Ron Hagerthy

Ronald F. Hagerthy is an American actor on television and in films.

Ron Hagerthy
Sky King cast.JPG
Hagerthy at right with Kirby Grant and Gloria Winters in Sky King.
Born
OccupationActor
Spouse(s)Patti Taylor

Early yearsEdit

Hagerthy was born in Aberdeen, South Dakota, but moved to Glendale, California, before he started school. He attended Glendale City College[1] and once worked as an ambulance driver.[2] His acting career was interrupted by two years' service in the Army.[3]

CareerEdit

On television, in the 1950s, Hagerthy portrayed Clipper King (nephew of the title character) in the modern Western series, Sky King.[4] He also appeared on Matinee Theater,[3] Gunsmoke, Navy Log, and Tales of Wells Fargo.[2]

On film, Hagerthy portrayed Dick Cvetic in I Was a Communist for the FBI (1951)[1] and Cpl. Rich Williams in Starlift (1951).[5] He also appeared in Make Haste to Live,[6] Eighteen and Anxious,[2] Charge at Feather River, The City That Never Sleeps, and Force of Arms.[3]

Personal lifeEdit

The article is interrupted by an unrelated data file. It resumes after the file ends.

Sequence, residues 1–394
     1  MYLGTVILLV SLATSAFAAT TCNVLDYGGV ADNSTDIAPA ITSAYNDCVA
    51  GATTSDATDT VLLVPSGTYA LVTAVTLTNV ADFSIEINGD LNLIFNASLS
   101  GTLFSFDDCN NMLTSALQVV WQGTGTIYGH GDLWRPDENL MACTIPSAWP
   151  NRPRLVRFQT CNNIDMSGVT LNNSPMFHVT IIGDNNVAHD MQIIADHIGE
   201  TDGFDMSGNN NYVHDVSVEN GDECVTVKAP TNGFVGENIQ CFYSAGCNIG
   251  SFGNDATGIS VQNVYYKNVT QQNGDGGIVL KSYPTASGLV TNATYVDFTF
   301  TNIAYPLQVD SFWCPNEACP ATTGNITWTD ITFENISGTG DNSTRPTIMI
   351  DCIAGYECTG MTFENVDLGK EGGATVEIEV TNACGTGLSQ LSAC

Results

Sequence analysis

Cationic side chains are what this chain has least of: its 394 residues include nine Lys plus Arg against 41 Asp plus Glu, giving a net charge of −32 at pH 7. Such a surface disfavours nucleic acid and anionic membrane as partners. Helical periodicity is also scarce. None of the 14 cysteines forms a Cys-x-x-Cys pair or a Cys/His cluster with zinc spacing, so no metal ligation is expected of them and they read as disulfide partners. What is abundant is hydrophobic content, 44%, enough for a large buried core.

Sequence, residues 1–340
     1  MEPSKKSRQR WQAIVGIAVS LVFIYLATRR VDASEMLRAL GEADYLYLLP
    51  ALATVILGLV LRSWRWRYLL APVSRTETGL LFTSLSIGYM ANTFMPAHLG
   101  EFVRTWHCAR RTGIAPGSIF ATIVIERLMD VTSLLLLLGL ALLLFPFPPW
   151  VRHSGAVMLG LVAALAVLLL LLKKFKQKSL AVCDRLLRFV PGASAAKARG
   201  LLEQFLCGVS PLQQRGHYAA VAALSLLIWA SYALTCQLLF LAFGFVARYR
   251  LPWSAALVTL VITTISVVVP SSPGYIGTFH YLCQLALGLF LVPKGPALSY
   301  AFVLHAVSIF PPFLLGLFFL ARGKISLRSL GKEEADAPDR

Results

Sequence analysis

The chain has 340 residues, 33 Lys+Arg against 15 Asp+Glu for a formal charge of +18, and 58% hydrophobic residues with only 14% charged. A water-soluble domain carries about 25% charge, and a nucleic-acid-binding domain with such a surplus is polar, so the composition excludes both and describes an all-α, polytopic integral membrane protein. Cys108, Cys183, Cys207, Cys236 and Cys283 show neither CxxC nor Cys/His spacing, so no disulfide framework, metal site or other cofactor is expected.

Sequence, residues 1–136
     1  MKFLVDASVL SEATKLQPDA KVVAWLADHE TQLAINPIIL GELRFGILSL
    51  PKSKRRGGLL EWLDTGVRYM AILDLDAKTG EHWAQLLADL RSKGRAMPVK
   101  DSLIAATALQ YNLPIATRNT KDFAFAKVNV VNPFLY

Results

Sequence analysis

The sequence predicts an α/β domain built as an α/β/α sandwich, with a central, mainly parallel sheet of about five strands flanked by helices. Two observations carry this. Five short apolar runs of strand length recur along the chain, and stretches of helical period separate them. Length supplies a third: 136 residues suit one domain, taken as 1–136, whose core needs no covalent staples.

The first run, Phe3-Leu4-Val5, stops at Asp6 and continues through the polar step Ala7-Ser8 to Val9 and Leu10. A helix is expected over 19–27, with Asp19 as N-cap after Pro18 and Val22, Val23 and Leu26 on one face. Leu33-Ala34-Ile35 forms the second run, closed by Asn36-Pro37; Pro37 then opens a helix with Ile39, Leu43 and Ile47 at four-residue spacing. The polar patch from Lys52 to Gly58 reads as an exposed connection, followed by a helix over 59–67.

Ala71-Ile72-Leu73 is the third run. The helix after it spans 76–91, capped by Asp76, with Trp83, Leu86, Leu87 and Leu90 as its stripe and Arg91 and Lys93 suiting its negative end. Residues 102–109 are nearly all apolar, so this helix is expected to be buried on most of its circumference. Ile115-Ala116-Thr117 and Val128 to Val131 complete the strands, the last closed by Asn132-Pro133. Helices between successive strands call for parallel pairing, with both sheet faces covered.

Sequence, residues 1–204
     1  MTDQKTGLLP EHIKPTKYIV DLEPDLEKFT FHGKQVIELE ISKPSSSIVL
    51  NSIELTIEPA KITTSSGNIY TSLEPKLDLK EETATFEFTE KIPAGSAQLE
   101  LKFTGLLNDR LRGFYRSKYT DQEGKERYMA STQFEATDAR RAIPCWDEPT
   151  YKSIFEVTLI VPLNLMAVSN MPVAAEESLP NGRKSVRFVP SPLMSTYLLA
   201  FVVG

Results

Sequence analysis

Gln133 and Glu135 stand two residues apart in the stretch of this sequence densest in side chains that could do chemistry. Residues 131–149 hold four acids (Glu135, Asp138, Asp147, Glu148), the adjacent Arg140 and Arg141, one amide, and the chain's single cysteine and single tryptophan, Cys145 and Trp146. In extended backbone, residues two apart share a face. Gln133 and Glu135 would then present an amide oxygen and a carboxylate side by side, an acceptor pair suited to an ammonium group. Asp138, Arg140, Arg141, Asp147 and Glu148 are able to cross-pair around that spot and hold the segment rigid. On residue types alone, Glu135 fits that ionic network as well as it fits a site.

Hagerthy married Patti Taylor, who was his sweetheart from his school days.[1]

ReferencesEdit

  1. ^ a b c Adams, Marjory (May 7, 1953). "Movie Question Box". The Boston Globe. p. 10. Retrieved January 19, 2021 – via Newspapers.com.
  2. ^ a b c Varner, Fields (November 17, 1957). "Two Hollywood Newcomers Visit Montgomery To Boos New Movie, Appear At Local Theatre". The Montgomery Advertiser. Alabama, Montgomery. p. 6. Retrieved January 19, 2021 – via Newspapers.com.
  3. ^ a b c "Five Young Stars Due In Austin". The Austin American. Texas, Austin. November 10, 1957. p. 27. Retrieved January 19, 2021 – via Newspapers.com.
  4. ^ McNeil, Alex (1996). Total Television (4th ed.). New York, New York: Penguin Books USA, Inc. p. 763. ISBN 0-14-02-4916-8.
  5. ^ Crowther, Bosley. "The Screen in Review: 'Starlift' Provides Warners With Opportunity to Parade Its Stable of Stars". The New York Times. p. 11. Retrieved January 19, 2021 – via ProQuest.
  6. ^ "Tourist Mecca Locale of Film". The Los Angeles Times. April 28, 1954. p. 63. Retrieved January 19, 2021 – via Newspapers.com.